An interview with Chris Puchniak, Smart Anling Pro Staff
When and how did you start fly fishing?
My dad got me into fishing at a young age. We did lots of salmon fishing in rivers and the ocean. But it was probably around the age of 14 or 15 I witnessed a fly angler clean up on a tough lake of big fish while the rest of us on the lake caught next to nothing. I kind of recall seeing that and going: "I want to do that!" Then I got into flyfishing with a couple of friends in high school by exploring one of the local stocked ponds. I think my first rig was one my parents bought me where you bought the fly line and the rod and reel came free with it... and it's just continued from there.
What is your favourite type of water? You favourite technique?
Can I say 'any' water? Even if it doesn't have fish. As long as there is the possibility of a fish, I love any type of water. From rivers to lakes to oceans. But I generally like to fish the worst water I can find. The stuff that good (better) anglers get bored with and don't want to bother with. That's probably my favourite type of water - and of course this varies from system to system. But generally if no one else wants to fish it, I probably DO want to fish it.
I don't like to put aside any techniques because any fishing is fun and everything is useful at some point or another, but I do like tightline nymphing. The fast, sudden and direct contact you have when a fish takes the fly. I think a lot of anglers like feeling that initial strike from a fish (it's coined the expression - the tug is the drug), but it is just emphasized that much more when your line has minimal slack in it and the fish is only 20' away. Even soft takes can quickly turn into an explosive situation when you don't have 90' of fly line between you and the fish, absorbing all the pressure.
What do you like about competitive fly fishing? And what do you dislike?
There are two things I really like about competition fishing: the great friends you make (team sports almost always create close friendships, whether it's with your own team mates or your rivals) and the vast amount of knowledge you learn. As a learning tool, nothing can replace fishing with 30+ people in the same general waters, then finding out later how everyone did relative to each other (all scored precisely and objectively with no fishing exaggeration!). You all start on relatively the same footing, and when the end of the day comes, you 'think' you have had a good run at it... but then you find out that someone did 'X' while you did 'Y', and they caught 25 fish to your 5 fish. Then you realize there was potentially a lot more fish out there, and undoubtedly a much more effective approach than you were using. Days like this can be humbling, but the information you take away from those scenarios is hard to match.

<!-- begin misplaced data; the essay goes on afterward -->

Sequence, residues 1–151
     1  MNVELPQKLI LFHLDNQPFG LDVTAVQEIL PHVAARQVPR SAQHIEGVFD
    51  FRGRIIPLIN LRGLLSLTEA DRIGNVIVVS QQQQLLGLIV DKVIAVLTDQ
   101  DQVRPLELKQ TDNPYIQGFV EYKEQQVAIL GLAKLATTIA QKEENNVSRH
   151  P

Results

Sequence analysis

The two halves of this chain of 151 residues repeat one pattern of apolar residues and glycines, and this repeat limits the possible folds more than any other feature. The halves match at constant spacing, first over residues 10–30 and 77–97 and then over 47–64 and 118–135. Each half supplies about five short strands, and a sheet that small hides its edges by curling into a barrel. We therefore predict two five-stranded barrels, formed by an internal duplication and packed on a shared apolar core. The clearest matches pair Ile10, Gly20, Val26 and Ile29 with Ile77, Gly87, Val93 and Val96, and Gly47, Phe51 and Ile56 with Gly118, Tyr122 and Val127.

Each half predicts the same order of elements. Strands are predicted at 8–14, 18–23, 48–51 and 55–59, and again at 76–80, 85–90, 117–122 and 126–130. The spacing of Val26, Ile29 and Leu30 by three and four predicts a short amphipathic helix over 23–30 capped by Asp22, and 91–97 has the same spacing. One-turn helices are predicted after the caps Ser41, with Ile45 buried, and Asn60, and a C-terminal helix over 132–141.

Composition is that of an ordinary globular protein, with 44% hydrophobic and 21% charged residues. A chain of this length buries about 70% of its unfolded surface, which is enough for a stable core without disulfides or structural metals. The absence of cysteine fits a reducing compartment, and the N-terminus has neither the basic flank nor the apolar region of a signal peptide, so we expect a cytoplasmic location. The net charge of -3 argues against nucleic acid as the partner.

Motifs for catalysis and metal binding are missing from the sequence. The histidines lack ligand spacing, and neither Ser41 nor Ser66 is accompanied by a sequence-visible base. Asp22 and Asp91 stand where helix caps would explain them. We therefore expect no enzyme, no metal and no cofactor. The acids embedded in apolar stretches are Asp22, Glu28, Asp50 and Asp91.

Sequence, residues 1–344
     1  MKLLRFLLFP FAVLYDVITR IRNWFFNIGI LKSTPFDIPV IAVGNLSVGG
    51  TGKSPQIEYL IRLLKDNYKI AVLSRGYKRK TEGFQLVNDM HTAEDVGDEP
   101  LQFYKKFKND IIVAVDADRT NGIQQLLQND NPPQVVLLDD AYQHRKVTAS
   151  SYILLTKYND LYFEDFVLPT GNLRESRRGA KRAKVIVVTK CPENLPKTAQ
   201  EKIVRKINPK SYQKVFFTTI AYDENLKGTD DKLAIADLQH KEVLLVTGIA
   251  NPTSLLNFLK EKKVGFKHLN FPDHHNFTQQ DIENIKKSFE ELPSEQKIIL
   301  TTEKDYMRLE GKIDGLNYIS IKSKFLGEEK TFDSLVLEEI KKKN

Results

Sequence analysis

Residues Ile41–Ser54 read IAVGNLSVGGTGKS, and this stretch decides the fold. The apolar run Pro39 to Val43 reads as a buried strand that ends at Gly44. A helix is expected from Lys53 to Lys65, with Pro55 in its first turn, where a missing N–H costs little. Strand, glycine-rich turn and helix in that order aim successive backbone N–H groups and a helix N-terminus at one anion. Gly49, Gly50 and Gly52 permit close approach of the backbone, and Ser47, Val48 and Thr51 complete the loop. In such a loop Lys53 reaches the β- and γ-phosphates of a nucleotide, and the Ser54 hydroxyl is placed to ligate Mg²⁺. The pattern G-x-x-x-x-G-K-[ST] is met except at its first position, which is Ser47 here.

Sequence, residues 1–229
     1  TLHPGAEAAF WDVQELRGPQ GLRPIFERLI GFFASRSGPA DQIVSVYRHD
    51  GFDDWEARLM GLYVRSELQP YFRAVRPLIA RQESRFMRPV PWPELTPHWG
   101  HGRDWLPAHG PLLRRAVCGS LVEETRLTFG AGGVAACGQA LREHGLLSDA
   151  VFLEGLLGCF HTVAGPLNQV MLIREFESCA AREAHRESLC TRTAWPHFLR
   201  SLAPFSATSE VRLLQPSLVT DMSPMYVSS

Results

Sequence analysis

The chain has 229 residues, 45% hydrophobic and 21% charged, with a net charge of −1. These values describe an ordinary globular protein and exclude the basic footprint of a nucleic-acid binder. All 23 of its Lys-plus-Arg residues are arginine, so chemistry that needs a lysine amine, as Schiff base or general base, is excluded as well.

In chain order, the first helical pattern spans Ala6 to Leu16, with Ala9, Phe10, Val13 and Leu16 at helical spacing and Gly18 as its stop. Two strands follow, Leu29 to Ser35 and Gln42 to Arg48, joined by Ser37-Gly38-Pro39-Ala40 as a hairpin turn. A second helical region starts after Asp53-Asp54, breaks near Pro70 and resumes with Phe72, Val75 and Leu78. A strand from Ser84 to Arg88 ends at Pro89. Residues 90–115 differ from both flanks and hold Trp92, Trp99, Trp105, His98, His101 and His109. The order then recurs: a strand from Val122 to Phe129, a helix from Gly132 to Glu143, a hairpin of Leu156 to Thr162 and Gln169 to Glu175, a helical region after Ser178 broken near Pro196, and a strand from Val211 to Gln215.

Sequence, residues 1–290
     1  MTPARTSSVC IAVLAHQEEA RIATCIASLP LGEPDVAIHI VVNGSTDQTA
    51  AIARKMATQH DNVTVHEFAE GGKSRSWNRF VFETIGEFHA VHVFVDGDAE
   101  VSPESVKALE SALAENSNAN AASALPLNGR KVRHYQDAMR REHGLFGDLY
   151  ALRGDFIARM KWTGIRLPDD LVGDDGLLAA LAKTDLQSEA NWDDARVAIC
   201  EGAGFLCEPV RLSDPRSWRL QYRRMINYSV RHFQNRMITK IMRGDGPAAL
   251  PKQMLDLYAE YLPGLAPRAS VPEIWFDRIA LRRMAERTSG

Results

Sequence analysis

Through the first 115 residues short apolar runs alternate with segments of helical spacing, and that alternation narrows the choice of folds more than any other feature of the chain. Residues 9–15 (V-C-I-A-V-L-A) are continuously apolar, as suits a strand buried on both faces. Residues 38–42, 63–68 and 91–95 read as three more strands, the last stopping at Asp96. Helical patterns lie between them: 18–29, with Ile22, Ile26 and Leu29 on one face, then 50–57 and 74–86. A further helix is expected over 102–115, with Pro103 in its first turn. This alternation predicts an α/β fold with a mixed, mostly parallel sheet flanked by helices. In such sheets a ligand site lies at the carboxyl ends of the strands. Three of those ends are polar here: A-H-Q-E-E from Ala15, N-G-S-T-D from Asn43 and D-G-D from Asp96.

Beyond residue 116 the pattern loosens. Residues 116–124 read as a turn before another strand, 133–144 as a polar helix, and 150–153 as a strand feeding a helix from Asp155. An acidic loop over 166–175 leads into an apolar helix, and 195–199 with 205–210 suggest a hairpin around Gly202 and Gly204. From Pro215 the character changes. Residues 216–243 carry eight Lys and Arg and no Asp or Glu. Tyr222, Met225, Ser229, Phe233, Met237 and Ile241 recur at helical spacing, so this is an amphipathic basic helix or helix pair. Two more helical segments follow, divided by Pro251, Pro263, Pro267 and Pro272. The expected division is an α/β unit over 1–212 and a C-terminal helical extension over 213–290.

As for dislikes, sometimes competition fishing styles don't mix well with recreational angling styles, especially on lakes, where you have one group (competitors) drifting and avoiding any signs of anchoring in one place, and another group (recreational anglers) specifically wanting to anchor in one place. Neither group is wrong in either style, but both are tough to do on the same waters. I like everyone being happy, so this is a struggle for me.
I think too it is sometimes too easy for competition anglers to focus on small fish. Not always, mind you, and small fish are just as nice as big fish - as well, sometimes there are ONLY small fish to target, so it cannot be avoided. But there are times I think we 'avoid' big fish to catch more smaller fish, which are usually more eager to feed, and that just seems a shame as big fish are just so much fun. It's often times not a by product of the style of fishing, but more an active choice the angler/competitor makes, which makes it hard to fathom some days why anyone would do that.